Rwanda’s forest policies cited as best example for Africa to copy

After handing Rwanda their global Gold Award 2011 last year for the countrys groundbreaking forest policies, the World Future Council has just concluded a three day high powered meeting in Kigali to discuss how Africa can learn from Rwanda and copy successful methods and applications to restore forest cover in their own countries.
A number of parliamentarians, government officials, forestry experts, NGO personnel, conservationists and media representatives came to Kigali to share experience and discuss the challenges Africa faces today in protecting the continents endangered forests, which are threatened by growing global hunger for resources such as tropical hard wood but also by local population explosions which causes a rocketing demand for fire wood and charcoal.
Rwandas approach has embraced the need for sustainability in the use of forests, accepting that they are crucial water towers but also responded to the need of populations to escape poverty, and tourism in Rwanda is seen as a key factor to spread wealth into local communities by involving them in a range of economic activities centered around tourism activities as well as for instance honey farming.
It is Rwandas declared goal to restore 30 percent of the country to forest cover by the year 2020 and progress in recent years has been impressive, especially in areas around Gishwati Forest which was heavily encroached and in sections degraded when the new forest policy came into effect. Gishwati in fact, over the past 5 years, has seen a significant portion of the previously encroached sections replanted and efforts are underway to restore the entire forest corridor between Gishwati and Nyungwe to, besides many other benefits, also let the primate population in both forests once again migrate as was the case in the past.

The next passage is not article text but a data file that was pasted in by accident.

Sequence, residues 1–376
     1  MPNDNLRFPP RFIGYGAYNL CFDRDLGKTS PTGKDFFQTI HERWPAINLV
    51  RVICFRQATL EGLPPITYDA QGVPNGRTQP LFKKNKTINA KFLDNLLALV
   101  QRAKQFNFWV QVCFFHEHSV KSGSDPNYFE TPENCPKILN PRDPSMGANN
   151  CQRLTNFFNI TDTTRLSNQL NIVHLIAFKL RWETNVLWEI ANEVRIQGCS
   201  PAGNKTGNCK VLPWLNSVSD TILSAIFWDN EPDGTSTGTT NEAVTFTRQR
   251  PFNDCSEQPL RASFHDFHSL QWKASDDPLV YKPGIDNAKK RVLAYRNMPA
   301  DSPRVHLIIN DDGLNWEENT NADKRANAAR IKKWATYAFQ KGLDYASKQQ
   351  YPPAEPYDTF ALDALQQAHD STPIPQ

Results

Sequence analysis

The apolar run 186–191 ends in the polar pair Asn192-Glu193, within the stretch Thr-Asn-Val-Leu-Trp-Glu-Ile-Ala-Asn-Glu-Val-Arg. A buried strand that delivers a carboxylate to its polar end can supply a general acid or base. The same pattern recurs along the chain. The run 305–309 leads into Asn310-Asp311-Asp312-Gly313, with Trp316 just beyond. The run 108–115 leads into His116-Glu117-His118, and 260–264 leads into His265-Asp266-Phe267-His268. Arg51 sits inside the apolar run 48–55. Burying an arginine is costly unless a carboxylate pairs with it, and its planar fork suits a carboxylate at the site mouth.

Nyungwe Forest, a national park for several years now, has been catapulted into prominence as a tourism resource and Gishwati too is expected to be turned into a national park soon, adding further attractions to the countrys existing safari options and to have more areas of the country benefit from the flow of tourist visitors beyond just visiting the fabled mountain gorillas in the Volcanoes National Park.
Rwanda has become the undeclared champion of forests in East Africa and is regularly cited as a prime example how forest restoration and protection can in fact go hand in hand with fighting poverty and giving economic opportunities to growing populations. Well done Rwanda another feather in the hat right at the time of the Golden Jubilee.

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